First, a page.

State certification agencies inspect seed and sod fields for genetic purity, weeds, pests and diseases. Without certification, Meacham says, there’s no guarantee that the grass you’ve carefully researched and selected is the grass you’re actually receiving. Certification provides that extra layer of insurance.
While many factors play into the success or failure of a grass project, cost is often the first consideration. Client budgets and financial restrictions are a fact of doing business, but buying the cheapest grass or sod available is not necessarily the best decision in the long run. Grass that is uncertified, full of weeds or wrong for the location leads to unhappy customers — or worse, the need to patch or replace entire jobs. When all of these factors are considered, choosing a lower-cost grass may end up costing you far more in the long run.
Making the decision
With all of the different species, climates, soils and cultivars to consider, what’s the best way to come to a decision about which grass to plant? By gathering as much information as you can regarding the project’s needs and researching all the species and varieties whose characteristics best meet those needs. And by checking with the client’s HOA, city or township for any requirements that may affect your choice.
Cox says local sod farms are excellent resources for learning which varieties consistently thrive in your climate zone. Before you buy, though, Marsh suggests you consider a sod or seed provider’s customer service, quality and ease of delivery.
You can get expert advice from local agricultural extension offices. Most land-grant or state universities have them, and they’re typically staffed by certified master gardeners or turfgrass researchers.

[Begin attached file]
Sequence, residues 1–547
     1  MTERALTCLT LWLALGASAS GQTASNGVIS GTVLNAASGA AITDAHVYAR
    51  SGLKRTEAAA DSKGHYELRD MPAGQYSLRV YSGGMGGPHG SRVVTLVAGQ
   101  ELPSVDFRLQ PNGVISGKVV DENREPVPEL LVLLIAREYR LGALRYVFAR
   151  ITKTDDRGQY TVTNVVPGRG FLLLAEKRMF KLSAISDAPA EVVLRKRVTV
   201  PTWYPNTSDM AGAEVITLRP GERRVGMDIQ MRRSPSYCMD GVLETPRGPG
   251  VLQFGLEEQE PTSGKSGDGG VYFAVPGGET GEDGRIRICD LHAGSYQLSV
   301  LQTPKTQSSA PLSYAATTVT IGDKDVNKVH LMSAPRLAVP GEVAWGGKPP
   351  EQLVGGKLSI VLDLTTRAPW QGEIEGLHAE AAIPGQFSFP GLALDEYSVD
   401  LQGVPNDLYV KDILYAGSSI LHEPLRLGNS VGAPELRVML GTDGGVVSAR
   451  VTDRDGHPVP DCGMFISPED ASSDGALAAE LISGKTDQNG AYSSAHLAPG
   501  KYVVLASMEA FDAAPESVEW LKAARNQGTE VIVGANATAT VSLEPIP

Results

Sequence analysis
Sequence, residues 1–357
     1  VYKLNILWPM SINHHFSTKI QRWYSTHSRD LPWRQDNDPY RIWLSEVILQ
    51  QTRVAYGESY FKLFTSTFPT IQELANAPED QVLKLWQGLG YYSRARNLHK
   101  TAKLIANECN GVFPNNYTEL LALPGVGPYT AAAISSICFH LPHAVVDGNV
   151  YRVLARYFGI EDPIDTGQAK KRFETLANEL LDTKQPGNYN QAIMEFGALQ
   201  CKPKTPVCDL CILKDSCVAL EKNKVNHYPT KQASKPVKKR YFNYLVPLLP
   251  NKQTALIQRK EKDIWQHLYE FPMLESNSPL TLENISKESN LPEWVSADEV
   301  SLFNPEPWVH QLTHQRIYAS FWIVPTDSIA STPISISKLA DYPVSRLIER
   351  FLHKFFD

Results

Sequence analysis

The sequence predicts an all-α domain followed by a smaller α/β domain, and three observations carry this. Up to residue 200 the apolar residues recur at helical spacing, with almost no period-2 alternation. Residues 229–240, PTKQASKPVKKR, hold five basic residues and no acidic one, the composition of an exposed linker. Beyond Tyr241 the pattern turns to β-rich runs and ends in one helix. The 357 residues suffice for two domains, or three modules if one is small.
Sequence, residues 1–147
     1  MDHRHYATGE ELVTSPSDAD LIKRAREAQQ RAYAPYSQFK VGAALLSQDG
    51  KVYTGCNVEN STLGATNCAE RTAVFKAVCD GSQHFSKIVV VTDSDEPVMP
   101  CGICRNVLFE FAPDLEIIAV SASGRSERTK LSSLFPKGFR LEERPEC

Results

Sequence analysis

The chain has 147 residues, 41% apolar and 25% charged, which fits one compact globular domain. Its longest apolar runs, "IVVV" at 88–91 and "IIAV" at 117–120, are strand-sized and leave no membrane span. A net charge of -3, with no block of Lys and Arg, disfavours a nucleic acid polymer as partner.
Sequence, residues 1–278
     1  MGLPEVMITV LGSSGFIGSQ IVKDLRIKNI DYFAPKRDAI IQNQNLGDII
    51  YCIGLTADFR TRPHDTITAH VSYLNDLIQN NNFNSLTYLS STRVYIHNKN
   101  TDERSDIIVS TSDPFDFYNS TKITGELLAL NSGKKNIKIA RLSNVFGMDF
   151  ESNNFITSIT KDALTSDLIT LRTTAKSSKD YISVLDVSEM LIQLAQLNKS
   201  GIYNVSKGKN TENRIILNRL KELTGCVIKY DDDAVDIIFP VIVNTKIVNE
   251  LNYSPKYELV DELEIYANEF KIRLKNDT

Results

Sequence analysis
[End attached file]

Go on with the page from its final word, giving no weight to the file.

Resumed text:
The internet makes it easy to compare the performance and characteristics of different cultivars. Research organizations such as the National Turfgrass Evaluation Program publish their research online.
And, of course, consult with your clients to learn how they intend to use their lawns. If kids and pets will be romping on it or students or shoppers beating paths through it, wear tolerance may be of overriding importance. If the main purpose of a lawn is to add curb appeal to a home or to give a corporate quad a well-manicured look, grasses with finer-textured leaf blades may be called for. If a location has poor water quality or a lot of trees that will throw shade, those elements must be considered too.
If you do your homework, talk with experts and most importantly, your client, you’ll come to the decision that puts both of you comfortably in the green zone.
The author is a turfgrass marketer and founder of What’s Your Avocado? Marketing and Public Relations, Mount Vernon, Washington, which specializes in turf and green industry marketing. She can be reached at firstname.lastname@example.org.